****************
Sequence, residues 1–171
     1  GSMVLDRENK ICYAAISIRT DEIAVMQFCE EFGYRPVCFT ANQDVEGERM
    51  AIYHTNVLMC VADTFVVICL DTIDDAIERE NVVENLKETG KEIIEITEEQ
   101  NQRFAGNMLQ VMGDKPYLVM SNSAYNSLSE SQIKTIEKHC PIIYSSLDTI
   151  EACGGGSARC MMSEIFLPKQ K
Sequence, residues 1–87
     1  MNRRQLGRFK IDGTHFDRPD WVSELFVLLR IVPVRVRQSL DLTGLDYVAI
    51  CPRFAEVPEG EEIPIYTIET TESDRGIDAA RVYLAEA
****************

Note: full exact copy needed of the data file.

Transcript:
Sequence, residues 1–171
     1  GSMVLDRENK ICYAAISIRT DEIAVMQFCE EFGYRPVCFT ANQDVEGERM
    51  AIYHTNVLMC VADTFVVICL DTIDDAIERE NVVENLKETG KEIIEITEEQ
   101  NQRFAGNMLQ VMGDKPYLVM SNSAYNSLSE SQIKTIEKHC PIIYSSLDTI
   151  EACGGGSARC MMSEIFLPKQ K
Sequence, residues 1–87
     1  MNRRQLGRFK IDGTHFDRPD WVSELFVLLR IVPVRVRQSL DLTGLDYVAI
    51  CPRFAEVPEG EEIPIYTIET TESDRGIDAA RVYLAEA